?I got raped and robbed a couple of times,? she said. ?You?re in people?s cars, which means nobody can hear you if you get robbed or beaten up.?

A recurrent theme here on Techdirt is that, as with any technology policy, no matter how well-intentioned it is, whether or not it is a good policy depends on its unintended consequences. Not only do we need to worry about how a policy affects other worthwhile interests, but it also needs to consider how it affects the interest it seeks to vindicate. And in this case SESTA stands to harm the very people it ostensibly seeks to help.

Does that mean Congress should do nothing to address sex trafficking? Of course not, and it is considering many more options that more directly address the serious harms that arise from sex trafficking. Even Section 230 as it currently exists does not prevent the government from going after platforms if they directly aid it. But all too often regulators like to take shortcuts and target platforms simply because bad people may be using them in bad ways. It’s a temptation that needs to be resisted for many reasons, but not the least of which is that doing so may enable bad people to behave even worse.

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Companies: craigslist

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Comments on “Study On Craigslist Shutting 'Erotic Services' Shows SESTA May Hurt Those It Purports To Help”

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Anonymous Coward says:

"simply because bad people may be using them in bad ways" -- No other reason, then.

So don’t ever argue more.

The FIRST goal in fighting crime is to STOP what can be seen. — Oh, that old woman is being robbed? Well, let’s just let it play out before action. — Heck, we’ll even turn off street lights, move the station house ten miles away, and put out knives in case rapists don’t have one handy.

You’re arguing that having a public “platform” on which to offer for sale the unwilling services of persons kidnapped into sex slavery is better than forcing it kept out of sight? — No, YOU are insane. It’s surely directly causing MORE.

And I suppose you’d say it’s just coincidence that Google and Facebook and Craigslist and Backpage and other corporations which are getting money from advertisements oppose SESTA. Your real goal here is supporting corporations — which is literally promoting, NOT stopping crime.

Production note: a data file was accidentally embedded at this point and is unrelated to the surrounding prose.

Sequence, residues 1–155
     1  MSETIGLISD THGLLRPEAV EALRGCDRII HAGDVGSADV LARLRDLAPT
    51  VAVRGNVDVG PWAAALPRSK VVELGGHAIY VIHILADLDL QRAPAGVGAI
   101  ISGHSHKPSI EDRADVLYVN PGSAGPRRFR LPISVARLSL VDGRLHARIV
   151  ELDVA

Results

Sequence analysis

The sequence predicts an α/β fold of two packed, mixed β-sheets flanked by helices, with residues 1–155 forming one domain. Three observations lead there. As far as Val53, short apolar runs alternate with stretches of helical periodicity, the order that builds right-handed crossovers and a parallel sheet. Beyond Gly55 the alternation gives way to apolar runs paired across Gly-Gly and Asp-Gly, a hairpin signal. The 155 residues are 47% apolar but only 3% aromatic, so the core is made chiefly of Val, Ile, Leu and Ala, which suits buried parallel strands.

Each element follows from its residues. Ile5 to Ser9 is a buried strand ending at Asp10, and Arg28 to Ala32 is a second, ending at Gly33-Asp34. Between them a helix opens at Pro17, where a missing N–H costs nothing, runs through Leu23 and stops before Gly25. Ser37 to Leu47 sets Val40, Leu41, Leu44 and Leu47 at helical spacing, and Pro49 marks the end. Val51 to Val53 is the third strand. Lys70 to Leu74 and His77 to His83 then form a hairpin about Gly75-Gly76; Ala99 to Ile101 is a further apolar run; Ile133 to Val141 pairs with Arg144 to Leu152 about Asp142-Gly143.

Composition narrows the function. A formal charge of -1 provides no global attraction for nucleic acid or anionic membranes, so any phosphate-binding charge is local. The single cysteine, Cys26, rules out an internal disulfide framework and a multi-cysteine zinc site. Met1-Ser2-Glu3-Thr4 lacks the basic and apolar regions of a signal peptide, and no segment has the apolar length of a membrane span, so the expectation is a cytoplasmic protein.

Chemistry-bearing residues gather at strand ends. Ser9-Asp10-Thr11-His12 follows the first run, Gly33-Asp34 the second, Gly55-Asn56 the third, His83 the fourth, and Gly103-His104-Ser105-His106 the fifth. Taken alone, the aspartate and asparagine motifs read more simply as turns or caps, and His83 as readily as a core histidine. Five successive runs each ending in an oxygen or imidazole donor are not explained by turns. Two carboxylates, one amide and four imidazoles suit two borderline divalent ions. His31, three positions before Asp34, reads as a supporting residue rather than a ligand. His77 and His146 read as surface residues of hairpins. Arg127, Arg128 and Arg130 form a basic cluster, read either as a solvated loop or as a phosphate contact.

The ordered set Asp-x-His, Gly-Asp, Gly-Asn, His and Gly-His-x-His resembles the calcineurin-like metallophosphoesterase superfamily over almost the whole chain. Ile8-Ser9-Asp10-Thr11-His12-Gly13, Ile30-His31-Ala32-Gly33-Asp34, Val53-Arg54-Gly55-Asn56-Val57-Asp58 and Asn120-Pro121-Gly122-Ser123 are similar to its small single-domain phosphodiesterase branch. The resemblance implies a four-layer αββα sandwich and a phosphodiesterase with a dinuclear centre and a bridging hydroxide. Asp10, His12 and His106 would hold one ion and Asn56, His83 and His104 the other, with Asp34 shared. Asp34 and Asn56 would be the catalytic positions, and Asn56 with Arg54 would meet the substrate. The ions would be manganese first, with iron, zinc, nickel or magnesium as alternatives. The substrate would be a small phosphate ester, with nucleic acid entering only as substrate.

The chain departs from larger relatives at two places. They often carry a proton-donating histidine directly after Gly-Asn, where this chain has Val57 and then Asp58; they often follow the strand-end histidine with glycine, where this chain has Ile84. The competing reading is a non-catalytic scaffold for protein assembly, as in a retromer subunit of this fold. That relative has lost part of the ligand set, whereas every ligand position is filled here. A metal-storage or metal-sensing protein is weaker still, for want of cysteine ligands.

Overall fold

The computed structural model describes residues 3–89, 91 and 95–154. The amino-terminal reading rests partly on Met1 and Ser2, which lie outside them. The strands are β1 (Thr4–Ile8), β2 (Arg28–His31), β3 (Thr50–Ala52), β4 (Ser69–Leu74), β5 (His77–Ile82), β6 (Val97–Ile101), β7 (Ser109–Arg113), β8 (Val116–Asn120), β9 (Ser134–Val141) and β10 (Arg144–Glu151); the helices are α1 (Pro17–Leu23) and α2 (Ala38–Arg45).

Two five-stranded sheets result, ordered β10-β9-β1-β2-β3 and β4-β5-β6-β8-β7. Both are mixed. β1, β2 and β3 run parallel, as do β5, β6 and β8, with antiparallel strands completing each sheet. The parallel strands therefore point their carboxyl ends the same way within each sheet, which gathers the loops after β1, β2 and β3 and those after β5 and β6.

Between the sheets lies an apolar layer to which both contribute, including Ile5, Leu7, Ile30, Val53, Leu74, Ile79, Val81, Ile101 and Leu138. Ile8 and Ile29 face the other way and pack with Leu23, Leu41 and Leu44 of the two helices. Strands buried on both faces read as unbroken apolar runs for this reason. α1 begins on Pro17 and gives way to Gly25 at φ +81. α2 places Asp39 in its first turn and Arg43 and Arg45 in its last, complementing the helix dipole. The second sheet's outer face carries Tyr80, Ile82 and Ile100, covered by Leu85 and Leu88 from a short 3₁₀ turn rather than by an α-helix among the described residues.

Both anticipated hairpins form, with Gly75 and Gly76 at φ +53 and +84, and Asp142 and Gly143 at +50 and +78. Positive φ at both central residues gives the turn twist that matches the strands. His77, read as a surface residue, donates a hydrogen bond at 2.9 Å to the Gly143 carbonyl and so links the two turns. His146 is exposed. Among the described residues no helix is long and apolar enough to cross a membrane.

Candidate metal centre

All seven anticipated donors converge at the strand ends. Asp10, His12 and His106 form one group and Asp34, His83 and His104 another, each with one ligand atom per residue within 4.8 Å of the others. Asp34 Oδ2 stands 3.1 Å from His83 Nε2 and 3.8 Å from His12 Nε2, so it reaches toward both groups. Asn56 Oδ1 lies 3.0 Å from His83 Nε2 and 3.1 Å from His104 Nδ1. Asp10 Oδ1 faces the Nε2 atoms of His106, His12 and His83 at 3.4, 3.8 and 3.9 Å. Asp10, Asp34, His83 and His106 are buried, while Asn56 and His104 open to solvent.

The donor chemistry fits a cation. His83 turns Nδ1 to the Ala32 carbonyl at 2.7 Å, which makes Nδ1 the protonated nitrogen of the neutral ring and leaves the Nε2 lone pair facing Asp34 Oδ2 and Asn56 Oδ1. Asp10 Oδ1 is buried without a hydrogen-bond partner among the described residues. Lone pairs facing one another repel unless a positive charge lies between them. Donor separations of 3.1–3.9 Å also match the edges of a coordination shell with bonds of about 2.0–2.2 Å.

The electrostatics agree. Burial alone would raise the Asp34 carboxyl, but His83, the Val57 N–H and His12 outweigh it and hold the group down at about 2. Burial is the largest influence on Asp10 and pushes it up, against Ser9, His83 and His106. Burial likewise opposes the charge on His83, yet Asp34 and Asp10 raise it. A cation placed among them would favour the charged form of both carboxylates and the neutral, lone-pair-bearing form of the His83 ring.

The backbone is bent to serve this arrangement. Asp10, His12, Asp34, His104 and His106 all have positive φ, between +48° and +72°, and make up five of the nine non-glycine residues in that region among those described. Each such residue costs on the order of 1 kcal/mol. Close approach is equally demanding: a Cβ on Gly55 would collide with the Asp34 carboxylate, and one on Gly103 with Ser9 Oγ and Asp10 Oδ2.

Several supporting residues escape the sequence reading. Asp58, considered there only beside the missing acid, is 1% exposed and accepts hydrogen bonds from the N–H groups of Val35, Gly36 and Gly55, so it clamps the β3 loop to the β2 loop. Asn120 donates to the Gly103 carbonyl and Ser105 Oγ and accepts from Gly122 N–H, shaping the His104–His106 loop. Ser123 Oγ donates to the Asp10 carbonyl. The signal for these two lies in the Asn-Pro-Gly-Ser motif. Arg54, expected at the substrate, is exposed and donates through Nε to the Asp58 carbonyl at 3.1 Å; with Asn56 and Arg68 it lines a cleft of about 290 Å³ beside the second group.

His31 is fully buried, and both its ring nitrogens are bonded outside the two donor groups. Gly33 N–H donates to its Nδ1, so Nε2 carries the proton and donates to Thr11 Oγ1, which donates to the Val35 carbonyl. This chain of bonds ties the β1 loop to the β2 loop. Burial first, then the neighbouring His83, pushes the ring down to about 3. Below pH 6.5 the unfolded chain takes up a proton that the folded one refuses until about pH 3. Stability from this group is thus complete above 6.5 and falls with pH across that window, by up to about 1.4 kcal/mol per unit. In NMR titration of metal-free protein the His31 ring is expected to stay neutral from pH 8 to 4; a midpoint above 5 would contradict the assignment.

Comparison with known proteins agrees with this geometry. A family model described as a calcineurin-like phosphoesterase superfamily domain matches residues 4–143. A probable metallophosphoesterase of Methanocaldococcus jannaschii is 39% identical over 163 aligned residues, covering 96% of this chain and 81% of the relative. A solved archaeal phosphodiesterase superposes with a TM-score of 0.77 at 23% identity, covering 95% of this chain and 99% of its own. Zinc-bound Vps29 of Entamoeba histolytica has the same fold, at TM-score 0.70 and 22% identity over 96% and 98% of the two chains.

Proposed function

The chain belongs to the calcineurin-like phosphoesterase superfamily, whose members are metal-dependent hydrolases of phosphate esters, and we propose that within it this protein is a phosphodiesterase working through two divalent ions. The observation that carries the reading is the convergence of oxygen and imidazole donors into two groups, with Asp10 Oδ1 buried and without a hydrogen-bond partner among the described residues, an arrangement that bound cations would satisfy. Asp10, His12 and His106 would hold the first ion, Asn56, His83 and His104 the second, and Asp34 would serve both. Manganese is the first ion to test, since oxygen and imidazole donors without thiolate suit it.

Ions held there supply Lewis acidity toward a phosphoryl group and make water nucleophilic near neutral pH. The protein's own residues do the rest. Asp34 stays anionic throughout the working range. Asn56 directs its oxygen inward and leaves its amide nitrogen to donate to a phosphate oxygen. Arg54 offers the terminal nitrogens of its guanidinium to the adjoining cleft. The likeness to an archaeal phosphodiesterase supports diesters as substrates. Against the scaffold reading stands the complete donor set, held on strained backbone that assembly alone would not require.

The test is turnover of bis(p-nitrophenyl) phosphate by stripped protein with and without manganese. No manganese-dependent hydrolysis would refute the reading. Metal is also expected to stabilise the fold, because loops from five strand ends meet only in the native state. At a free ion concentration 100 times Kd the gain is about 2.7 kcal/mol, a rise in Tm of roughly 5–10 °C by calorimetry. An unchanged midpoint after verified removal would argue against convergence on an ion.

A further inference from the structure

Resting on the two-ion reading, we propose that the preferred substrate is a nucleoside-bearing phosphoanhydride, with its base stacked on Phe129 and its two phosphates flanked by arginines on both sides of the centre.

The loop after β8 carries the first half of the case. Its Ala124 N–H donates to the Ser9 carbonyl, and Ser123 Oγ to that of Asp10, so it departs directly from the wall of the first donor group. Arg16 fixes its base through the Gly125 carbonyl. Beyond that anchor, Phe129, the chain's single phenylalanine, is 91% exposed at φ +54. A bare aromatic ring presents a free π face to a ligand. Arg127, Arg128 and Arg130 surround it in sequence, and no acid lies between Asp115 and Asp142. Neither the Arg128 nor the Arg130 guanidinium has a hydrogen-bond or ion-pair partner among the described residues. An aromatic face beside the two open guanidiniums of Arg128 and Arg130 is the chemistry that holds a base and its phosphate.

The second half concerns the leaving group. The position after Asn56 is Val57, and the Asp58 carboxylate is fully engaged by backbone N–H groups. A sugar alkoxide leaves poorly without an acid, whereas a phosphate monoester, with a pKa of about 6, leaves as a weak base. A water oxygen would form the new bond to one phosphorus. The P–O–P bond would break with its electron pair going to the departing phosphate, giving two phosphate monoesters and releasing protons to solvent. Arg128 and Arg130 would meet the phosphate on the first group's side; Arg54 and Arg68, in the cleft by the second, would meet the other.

Anonymous Coward says:

Re: "simply because bad people may be using them in bad ways" -- No other reason, then.

Im unsure if you are trolling or satire.

In any case: You are kind of arguing techdirt’s case. SESTA does exactly what you suggest: move the police house, turn off the lights, and make sure no one ever knows the crime happens. These crimes happened before craigslist & backpage, and continue with the erotic personals closed. It only hides the crime. That’s why anti-trafficing organizations and law enforcement are also against SESTA. Because it doesn’t actually address the crime. It claims to address the crime, then proceeds to attack a platform that makes the crime visible, and allows law enforcement to locate victims and their abusers.

This law places big burdens on corporations to ‘solve’ a crime that has existed for thousands of years, and only succeeds at making it harder for law enforcement to identify and help victims of sex trafficking. Even if it does ‘stop online sex trafficking’, it doesn’t stop ‘sex trafficking’, and those trying to stop ‘sex trafficking’ are telling us that it actually makes sex trafficking as a whole harder to stop.

But SESTA means we dont see the crime, so its fine.

Anonymous Coward says:

Re: "simply because bad people may be using them in bad ways" -- No other reason, then.

The FIRST goal in fighting crime is to STOP what can be seen.

And all those adverts on the likes Craigslist make a lot of crime visible. Investigating that which is advertised would stop crime, while all SESTA will do is hide it from public view, and allow the police to ignore it, unless of course they want a freebie.

Anonymous Coward says:

Re: "simply because bad people may be using them in bad ways" -- No other reason, then.

It’s surely directly causing MORE.

“What can be asserted without evidence can be dismissed without evidence” — Hitchen’s Razor